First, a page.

Colorado high court upholds law prohibiting threats of retaliation

Wednesday, November 17, 1999

A state law that prohibits the making of threats against witnesses and victims does not violate the First Amendment, the Colorado Supreme Court has ruled.

The decision came in the case of Glen Hickman, charged with one count of retaliation against a witness or victim after he allegedly set off a firecracker at his ex-wife’s home and then told her: “The next one’s gonna blow your head off.”

The law under which Hickman was charged specifies that “an individual commits retaliation against a witness or victim if such person uses a threat, act of harassment, or act of harm … directed to … a witness or victim to any crime.”

Hickman’s ex-wife had testified against him in a case in which he was charged with sexually assaulting his stepdaughter.

Hickman denied he had violated the retaliation law, but argued that, even if the charges were true, the retaliation statute was unconstitutionally overbroad. Hickman contended the law could chill speech that is protected by the First Amendment. In First Amendment jurisprudence, an overly broad law is one that prohibits a substantial amount of constitutionally protected speech.

After a trial court agreed with Hickman and dropped the retaliation-against-a-witness charge, the state appealed.

In its Nov. 8 opinion in People v. Hickman, the Colorado Supreme Court declared that although the statute did “infringe upon communications that are protected by the First Amendment,” the infringement was not substantial enough for the law to be considered overbroad.

The court noted that true threats receive no First Amendment protection, but other types of threats can constitute protected speech. The court also recognized the difficulty in distinguishing between the two, writing that “it is not evident how to define precisely the differences between the two categories.”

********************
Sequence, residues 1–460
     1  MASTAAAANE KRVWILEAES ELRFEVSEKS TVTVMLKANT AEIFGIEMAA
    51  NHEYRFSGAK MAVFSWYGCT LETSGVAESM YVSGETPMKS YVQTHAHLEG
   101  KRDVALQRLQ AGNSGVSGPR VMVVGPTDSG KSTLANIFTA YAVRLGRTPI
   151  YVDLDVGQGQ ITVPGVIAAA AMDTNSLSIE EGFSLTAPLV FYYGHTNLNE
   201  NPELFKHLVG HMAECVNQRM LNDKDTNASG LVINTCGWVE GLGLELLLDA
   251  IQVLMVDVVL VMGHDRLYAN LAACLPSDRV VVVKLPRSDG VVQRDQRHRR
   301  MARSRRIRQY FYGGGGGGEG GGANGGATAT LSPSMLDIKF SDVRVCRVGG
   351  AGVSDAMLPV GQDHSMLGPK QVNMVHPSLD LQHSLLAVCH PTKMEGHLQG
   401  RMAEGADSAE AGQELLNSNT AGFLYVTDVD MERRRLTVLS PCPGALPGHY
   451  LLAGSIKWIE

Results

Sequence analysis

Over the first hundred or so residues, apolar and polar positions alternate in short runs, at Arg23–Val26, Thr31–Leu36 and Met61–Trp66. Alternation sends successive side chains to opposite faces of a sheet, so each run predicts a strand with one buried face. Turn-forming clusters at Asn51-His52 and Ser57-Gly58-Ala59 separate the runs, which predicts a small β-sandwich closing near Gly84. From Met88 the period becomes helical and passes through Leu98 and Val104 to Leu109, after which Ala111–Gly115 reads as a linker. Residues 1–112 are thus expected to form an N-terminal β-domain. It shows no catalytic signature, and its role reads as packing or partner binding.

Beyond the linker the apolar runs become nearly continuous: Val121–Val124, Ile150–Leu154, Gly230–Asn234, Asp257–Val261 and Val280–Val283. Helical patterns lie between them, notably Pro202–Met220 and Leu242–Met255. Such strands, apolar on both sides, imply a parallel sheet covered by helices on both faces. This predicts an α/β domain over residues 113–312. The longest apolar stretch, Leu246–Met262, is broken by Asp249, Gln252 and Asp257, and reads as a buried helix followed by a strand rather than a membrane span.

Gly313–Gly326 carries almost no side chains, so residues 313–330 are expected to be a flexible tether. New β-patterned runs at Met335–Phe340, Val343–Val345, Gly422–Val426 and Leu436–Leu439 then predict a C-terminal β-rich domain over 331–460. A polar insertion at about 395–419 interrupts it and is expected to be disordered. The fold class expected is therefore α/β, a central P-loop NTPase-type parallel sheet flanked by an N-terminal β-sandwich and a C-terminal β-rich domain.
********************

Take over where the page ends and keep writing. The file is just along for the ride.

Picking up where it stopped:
However, the court also determined that, with respect to threats, the amount of protected speech that is prohibited by the law is insubstantial.

The court interpreted the law to apply only to threats that are made for “retributive or retaliatory purposes.” According to the court, “the bulk of the speech covered by the statute is not protected.”

The court also noted that “in the few instances when protected speech might be prosecuted under the statute, a court may invalidate the particular prosecution.”

The court did find that the part of the law which prohibited making an “act of harassment” was unconstitutional. According to the court, the phrase “act of harassment encompasses a substantial amount of protected speech.”

The state high court cited an earlier decision in which it had invalidated a harassment statute that contained similar language.

The court then determined that it could preserve the constitutionality of the statute by severing the unconstitutional “act of harassment” language.

That “partial invalidation” of the law “does not alter the basic prohibition against making a threat or committing an ‘act of harm or injury’ against a person protected by the statute,” the court concluded.